During a particular episode of The Simpsons, Grandpa Simpson is shown in flashback watching the introductions to Super Bowl III between the Baltimore Colts and New York Jets. Introduced first is Jets quarterback Joe Namath, with his billowy hair and long sideburns.

“Look at them sideburns! He looks like a girl,” Abe Simpson exclaims.

We immediately cut to an image of Colts quarterback Johnny Unitas, with a 50’s flat-top and emotionless stare.

“Now, Johnny Unitas, there’s a haircut you could set your watch to.”

There was a moment during the Armed Forces Chorus’s performance of ‘America the Beautiful’ before Super Bowl 50 that might as well have been a modern reenactment of that scene.

As the chorus starts performing, the camera cuts away to show a close-up of Carolina Panthers quarterback Cam Newton. He seems distracted, digging at an itch under his pads and swaying back and forth. He’s got a towel draped over his head. He’s chewing gum.

You could just imagine what certain people were saying in living rooms and bars around the country. “How disrespectful!” “Show some class!” “Pay attention.”

The camera immediately cuts to a close-up of Denver Broncos quarterback Peyton Manning. He’s staring straight-ahead. He looks stoic. He seems contemplative.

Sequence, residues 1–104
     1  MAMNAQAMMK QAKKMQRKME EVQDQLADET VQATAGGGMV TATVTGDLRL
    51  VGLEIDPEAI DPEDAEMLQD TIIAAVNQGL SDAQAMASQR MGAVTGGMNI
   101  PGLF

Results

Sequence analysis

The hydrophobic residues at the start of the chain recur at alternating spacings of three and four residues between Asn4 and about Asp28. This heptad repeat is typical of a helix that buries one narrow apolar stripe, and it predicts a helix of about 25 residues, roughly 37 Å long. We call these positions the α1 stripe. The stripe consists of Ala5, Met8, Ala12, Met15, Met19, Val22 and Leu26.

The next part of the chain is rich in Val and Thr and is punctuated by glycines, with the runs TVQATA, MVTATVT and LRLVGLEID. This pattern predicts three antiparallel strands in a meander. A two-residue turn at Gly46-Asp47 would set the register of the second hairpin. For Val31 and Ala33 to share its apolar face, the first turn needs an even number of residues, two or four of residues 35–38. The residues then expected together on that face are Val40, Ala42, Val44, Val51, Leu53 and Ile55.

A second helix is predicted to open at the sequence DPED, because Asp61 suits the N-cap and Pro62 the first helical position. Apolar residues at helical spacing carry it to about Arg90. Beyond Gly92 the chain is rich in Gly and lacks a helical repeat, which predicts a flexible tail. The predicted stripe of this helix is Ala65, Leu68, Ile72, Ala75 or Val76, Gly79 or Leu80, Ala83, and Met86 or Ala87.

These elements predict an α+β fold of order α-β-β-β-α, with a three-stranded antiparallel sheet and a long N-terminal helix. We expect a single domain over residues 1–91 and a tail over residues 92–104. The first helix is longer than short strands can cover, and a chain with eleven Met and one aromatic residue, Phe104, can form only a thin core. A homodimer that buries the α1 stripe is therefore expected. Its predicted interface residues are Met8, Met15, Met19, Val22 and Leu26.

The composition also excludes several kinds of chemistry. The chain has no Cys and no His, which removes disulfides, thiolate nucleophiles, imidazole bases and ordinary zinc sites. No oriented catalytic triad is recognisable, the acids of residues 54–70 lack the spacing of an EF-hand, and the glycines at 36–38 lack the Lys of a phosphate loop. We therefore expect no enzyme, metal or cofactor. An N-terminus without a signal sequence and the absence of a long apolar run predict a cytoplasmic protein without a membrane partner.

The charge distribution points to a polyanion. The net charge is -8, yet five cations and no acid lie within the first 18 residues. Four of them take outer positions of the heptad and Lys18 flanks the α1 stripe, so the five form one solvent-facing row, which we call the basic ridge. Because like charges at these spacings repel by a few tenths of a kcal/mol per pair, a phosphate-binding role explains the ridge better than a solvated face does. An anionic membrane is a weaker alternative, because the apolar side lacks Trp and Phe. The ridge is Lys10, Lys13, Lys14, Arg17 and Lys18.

He looks like the kind of quarterback you can set your watch to.


It’s entirely possible that most people had already made their mind up about who Cam Newton is and who Peyton Manning is in that moment, even if the variables involved make it impossible to know just how much either of them were actually paying attention and if that even really matters to begin with. You could even make a case they made up their minds long before that. The results of Super Bowl 50 and the ensuing press conference where Newton got up and left abruptly only confirmed what people already knew. Or at least think they know.

We can piece together now that Newton was reacting less to the reporters asking him probing questions and more to Broncos DB Chris Harris trashing him a curtain over. He could clearly hear Harris saying, “We knew he couldn’t throw on us” and “Did y’all see him dance today? He didn’t dance.”

Does that “excuse” Newton’s action, if they even require excuse? Perhaps that’s a better debate to have. But many in the media were pretty uninterested in that debate in the moment. Newton’s actions were an affront to them and the purity of the press conference, as it were. It was everything many of them had secretly been hoping for, a chance to scold the petulant child who spent a season dabbing on them and remind him of his place.